Ashley P. Thrall
College of Engineering
Myron and Rosemary Noble Associate Professor of Structural Engineering and the Director of Kinetic Structures Laboratory
Ashley P. Thrall has long admired bridges as models of both form and function, practical structures engineered to span the shortest distance between two points with equal parts power and grace.
“Bridges are the purest expression of the structural flow of forces in the sense that there is no architect involved in bridge engineering,” Thrall said. “All you see is the raw flow of forces to carry load.”
“Bridges are almost always for public use and funded by public money. They are really only there to serve people, society and to make life better.”
At the same time, she appreciates the societal aspects of bridge design. “Bridges are almost always for public use and funded by public money. They are really only there to serve people, society and to make life better,” said Thrall, the Myron and Rosemary Noble Associate Professor of Structural Engineering and the director of the Kinetic Structures Laboratory at the University of Notre Dame.
That said, Thrall’s path to a career in engineering took several turns along the way.
After graduating from Vassar College with a degree in physics, the Connecticut native worked at CERN, the particle accelerator in Switzerland, followed by performing further CERN research at the University of Michigan before returning to school to study engineering.
Inspired by the book “The Tower and The Bridge” by David Billington, Gordon Y.S. Wu Professor of Engineering Emeritus at Princeton University, she was accepted to Princeton’s civil and environmental engineering graduate program, where she studied under Billington and earned her doctorate degree.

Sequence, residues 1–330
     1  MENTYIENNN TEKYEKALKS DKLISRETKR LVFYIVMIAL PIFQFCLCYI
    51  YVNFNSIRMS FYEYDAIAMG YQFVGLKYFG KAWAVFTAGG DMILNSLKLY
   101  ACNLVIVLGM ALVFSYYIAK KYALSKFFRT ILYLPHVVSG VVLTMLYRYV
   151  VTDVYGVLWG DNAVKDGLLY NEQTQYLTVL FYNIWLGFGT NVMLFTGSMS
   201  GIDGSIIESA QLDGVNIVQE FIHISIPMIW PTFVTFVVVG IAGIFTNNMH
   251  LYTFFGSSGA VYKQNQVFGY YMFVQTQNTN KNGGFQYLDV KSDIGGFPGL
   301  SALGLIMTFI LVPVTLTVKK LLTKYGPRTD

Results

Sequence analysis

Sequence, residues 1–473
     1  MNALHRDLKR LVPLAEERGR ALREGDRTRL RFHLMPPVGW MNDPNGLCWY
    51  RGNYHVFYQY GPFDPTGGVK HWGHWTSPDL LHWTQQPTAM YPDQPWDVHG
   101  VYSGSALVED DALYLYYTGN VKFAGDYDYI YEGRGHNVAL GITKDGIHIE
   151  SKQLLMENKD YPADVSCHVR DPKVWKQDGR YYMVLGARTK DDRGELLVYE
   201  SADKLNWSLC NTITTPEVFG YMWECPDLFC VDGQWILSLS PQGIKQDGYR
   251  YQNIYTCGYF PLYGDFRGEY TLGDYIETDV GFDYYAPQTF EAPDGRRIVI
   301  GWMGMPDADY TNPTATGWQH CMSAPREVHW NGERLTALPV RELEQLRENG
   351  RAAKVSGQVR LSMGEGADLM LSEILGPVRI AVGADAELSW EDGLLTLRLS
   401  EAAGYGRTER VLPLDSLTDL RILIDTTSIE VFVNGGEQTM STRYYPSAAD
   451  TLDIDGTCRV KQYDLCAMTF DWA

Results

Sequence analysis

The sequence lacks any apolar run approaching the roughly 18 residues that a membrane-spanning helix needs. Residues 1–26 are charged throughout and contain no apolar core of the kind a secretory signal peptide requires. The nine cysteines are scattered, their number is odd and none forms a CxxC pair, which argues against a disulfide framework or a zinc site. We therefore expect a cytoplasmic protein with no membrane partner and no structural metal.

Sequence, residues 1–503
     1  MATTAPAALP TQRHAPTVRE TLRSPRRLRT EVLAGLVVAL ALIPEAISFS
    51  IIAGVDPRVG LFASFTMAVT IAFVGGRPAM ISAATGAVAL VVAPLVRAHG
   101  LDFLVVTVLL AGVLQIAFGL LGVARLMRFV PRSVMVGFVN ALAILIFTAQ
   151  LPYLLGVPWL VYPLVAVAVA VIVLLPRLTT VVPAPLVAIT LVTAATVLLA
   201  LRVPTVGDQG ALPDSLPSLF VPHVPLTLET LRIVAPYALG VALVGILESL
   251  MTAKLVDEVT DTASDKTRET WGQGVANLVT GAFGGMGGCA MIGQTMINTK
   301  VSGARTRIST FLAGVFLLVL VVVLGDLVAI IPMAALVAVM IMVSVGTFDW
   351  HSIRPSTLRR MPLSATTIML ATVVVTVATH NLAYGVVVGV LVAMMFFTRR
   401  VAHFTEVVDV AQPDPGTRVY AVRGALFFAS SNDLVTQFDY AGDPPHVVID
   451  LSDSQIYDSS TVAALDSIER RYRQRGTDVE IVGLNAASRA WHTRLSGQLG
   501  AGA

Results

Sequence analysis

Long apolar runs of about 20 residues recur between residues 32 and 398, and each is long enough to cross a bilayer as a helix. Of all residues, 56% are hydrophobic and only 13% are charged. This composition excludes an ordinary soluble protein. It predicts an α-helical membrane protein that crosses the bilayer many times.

She said of Billington, “He basically taught me an entire undergraduates’ worth of civil engineering just in one-on-one meetings. So he really took me under his wing.”
At Princeton, Thrall learned bridge engineering from Ted Zoli, the national bridge chief engineer of HNTB Corp. A class project on movable bridges under his mentorship turned into her Ph.D. dissertation and ultimately inspired her interest in kinetic structures. Thrall and Zoli currently collaborate on several ongoing research projects at Notre Dame, where his industry knowledge provides practical perspective on academic research.
The daughter of artistically and intellectually minded parents, Thrall chose a career that reflects the influence of family as well.
“My mom’s a sculptor and my dad’s a scientist with a Ph.D. in immunology, so engineering is really in the middle of those two fields in the sense that it’s using a lot of the same fundamental knowledge of science but it’s also very creative,” she said.
Her late grandfather, meanwhile, worked as a mechanical engineer for Pratt & Whitney, an American manufacturer of aircraft engines for civil and military aviation.
“My grandfather is the only other engineer in the family and has been very influential in my life,” Thrall said. “He and both my parents had the idea that you could do anything you wanted to do as long as you worked hard enough to do it. All three of them were very inspirational in the sense that they taught me that you could figure anything out if you just put your mind to it, whether it be art, science or engineering.”